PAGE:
Every now and then, the issue of how to properly report medical debts pops up. Should each transaction for medical care provided be reported as a separate debt, or should they all be bound together as one? The Seventh Circuit Court of Appeals (7th Circuit) previously found that the former is appropriate, and once again reiterated this position to the same plaintiffs' counsel.
For the sake of this article, here is an oversimplified overview of a complex and nuanced matter. When a patient receives medical care, they are billed for each medical-service charge separately. If unpaid, healthcare providers send these charges to debt collectors as separate debts. If the debt collector furnishes data to the credit bureaus, then each service charge is reported as a separate debt. This is exactly what happened in the case Zablocki v. Merchants Credit Guide Co. (7th Cir. Jul. 28, 2020).
In Zablocki, the plaintiff-appellants received multiple medical services within one visit to the provider—for example, one plaintiff-appellant had multiple x-rays done. When he didn’t pay off what he owed for the x-rays, the medical provider placed his accounts with a debt collector, who credit reported the remaining amounts for the services separately. Plaintiff-appellants filed lawsuits arguing that reporting the debts separately—rather than in the aggregate—misstates the character of the debt and is an unfair and unconscionable means of collecting a debt. Shortly after this lawsuit was filed, the 7th Circuit issued its decision in Rhone v. Medical Business Bureau LLC, which stated that reporting debts in the aggregate could be misleading.
The district court dismissed the lawsuit, and the 7th Circuit affirmed dismissal. The 7th Circuit turned to the definition of “debt” as outlined in the FDCPA, and found that it supports a “per transaction” approach (rather than the “per creditor” approach that plaintiff-appellants were pushing).
Next, the 7th Circuit turns to the other claim: that the practice is unfair and unconscionable:
Viewing Merchants’s separate reporting of debts from the perspective of an unsophisticated but reasonable consumer, we see the alleged conduct as falling outside the scope of these terms [“unfair and unconscionable”]. It is reasonable, and not at all deceptive or outrageous, for a collector to report individually debts that correspond to different charges, thereby communicating truthfully how much is owed on each debt. Some consumers may prefer to have their debts reported in a way that conceals debt-specific information, like how much is owed on individual debts, when specific debts were incurred, and which debts are stale. Those consumers may be willing to forego the more detailed information on their credit reports if the aggregated reporting increases their credit scores.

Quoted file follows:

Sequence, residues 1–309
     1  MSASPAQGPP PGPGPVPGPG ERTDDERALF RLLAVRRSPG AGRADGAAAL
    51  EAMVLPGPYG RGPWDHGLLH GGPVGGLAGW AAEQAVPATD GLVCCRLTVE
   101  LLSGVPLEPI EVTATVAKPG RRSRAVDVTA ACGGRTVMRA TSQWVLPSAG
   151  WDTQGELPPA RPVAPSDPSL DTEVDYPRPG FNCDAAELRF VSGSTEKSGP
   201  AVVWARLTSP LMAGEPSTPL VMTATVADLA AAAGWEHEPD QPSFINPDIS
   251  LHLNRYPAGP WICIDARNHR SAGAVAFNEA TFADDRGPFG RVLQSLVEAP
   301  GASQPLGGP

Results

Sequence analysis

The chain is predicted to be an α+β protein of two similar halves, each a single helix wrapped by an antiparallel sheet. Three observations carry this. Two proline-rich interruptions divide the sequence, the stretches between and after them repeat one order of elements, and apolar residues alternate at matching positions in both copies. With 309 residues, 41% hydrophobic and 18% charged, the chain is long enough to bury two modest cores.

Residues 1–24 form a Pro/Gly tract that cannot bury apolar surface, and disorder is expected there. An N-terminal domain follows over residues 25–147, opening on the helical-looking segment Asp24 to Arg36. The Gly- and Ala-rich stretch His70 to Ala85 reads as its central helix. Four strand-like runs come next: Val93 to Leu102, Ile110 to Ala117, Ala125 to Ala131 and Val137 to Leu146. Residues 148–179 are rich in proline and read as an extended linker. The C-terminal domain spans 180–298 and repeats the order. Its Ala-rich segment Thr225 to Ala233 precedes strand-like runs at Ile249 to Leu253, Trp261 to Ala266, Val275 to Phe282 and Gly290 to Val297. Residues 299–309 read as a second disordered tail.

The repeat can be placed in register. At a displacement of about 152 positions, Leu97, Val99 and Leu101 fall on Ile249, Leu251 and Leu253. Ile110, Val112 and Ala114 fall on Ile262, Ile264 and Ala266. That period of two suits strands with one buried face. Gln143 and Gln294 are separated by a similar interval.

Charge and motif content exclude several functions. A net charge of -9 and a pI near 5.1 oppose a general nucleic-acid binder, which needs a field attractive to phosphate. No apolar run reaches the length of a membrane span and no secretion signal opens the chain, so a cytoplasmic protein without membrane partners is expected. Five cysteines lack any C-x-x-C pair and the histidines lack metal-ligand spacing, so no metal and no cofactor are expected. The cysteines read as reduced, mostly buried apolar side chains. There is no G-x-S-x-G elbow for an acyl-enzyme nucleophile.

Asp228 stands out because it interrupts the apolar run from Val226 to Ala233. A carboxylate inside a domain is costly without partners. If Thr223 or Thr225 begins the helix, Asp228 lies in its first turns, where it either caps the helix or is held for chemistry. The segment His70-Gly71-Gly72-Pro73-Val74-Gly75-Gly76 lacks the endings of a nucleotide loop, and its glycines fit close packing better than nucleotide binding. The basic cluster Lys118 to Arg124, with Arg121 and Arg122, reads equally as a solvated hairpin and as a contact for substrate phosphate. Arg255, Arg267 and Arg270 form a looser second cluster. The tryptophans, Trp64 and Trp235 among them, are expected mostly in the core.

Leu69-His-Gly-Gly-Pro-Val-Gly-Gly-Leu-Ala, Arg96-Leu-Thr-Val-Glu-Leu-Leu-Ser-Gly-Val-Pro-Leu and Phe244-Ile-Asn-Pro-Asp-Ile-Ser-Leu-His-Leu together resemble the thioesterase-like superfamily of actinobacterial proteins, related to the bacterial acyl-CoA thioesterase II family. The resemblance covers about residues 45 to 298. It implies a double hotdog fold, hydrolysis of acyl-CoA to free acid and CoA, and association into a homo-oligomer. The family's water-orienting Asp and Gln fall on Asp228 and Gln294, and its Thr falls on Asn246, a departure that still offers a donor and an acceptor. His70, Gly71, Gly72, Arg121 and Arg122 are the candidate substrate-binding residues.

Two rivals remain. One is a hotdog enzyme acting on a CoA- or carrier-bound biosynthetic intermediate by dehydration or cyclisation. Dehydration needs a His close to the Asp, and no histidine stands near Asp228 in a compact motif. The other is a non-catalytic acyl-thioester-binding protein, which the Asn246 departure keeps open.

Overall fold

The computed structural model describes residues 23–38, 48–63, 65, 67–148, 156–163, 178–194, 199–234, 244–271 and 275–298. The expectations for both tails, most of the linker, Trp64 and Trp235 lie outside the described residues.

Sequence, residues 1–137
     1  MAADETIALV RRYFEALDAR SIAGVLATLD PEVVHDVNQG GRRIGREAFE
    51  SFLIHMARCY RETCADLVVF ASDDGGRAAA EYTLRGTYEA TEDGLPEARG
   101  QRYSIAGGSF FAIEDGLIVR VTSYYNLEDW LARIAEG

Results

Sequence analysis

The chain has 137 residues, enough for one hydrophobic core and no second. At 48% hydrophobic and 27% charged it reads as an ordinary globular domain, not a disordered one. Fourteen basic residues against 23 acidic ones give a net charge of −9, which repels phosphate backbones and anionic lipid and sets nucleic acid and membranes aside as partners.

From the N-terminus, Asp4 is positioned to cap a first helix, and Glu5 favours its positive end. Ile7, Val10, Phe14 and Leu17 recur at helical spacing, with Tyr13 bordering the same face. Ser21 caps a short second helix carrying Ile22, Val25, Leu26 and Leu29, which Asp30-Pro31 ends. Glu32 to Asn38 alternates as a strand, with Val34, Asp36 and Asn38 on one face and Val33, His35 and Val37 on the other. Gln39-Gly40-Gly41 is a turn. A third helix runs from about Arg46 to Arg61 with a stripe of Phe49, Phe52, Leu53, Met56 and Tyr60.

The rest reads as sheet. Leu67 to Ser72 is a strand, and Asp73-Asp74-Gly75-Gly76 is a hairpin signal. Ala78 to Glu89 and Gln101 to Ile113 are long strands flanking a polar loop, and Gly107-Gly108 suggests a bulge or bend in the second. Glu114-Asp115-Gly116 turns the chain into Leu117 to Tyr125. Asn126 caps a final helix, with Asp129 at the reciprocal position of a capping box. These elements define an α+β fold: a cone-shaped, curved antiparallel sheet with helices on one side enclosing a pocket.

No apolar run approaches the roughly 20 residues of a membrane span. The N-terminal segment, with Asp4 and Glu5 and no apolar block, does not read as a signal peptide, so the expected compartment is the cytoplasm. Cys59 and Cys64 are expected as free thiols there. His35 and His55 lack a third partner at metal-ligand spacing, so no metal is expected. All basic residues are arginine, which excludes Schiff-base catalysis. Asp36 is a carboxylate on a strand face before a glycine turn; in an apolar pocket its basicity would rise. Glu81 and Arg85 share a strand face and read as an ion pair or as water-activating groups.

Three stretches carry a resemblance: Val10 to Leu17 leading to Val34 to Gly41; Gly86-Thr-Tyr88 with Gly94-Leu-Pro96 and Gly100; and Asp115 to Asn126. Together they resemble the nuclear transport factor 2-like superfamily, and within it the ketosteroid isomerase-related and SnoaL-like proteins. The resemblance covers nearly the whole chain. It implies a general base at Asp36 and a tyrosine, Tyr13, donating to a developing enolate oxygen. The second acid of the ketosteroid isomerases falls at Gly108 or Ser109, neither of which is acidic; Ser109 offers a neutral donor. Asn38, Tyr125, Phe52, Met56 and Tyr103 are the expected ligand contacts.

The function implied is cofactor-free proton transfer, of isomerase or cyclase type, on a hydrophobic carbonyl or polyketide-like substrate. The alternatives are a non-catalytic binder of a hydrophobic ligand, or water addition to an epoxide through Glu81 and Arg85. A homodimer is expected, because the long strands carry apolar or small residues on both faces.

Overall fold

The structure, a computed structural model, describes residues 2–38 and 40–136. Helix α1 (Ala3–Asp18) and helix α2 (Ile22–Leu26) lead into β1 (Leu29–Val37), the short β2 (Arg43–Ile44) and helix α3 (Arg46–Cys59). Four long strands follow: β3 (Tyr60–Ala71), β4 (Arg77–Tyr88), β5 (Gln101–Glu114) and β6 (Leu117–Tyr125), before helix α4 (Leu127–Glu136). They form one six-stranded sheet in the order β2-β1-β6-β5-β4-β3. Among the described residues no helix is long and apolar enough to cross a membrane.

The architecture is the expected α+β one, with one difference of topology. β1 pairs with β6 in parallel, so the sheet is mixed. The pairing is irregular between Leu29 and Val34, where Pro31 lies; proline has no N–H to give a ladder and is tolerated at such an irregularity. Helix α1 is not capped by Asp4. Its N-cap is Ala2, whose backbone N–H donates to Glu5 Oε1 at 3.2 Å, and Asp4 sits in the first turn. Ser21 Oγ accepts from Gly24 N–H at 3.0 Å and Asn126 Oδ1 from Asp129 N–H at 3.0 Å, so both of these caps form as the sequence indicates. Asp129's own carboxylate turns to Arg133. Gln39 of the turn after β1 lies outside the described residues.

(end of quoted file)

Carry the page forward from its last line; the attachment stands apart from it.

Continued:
But a preference does not necessarily equal an injustice, partiality, or deception. And the debt-reporting rule that the plaintiffs propose would conceal debt-specific information that other consumers may prefer, or be entitled, to see on their credit reports. See Rhone, 915 F.3d at 439 (recognizing that aggregated reporting could be misleading). The case before us illustrates the point: had Merchants reported in the aggregate all the debts owed to each creditor, [plaintiff-appellants’] credit reports would not indicate the amounts of each separate debt; when each debt would be removed from the credit report; or other features specific to each obligation.
Here’s a fun little fact: the plaintiffs in the instant case and the plaintiff in Rhone were represented by the same consumer attorney. This means that, shortly after this case was filed, plaintiffs’ counsel was aware that the 7th Circuit filed a precedential opinion that rejects the allegations made. And yet, they continued fighting this case: not only did they not give up when the district court dismissed the claim, they appealed and had the 7th Circuit reiterate the same ruling again. It is a waste of the judicial system’s already slim resources, all done with a hope that the debt collector will settle the case rather than defend—even if they are in the right. Does this sound fishy? It should, because it is.
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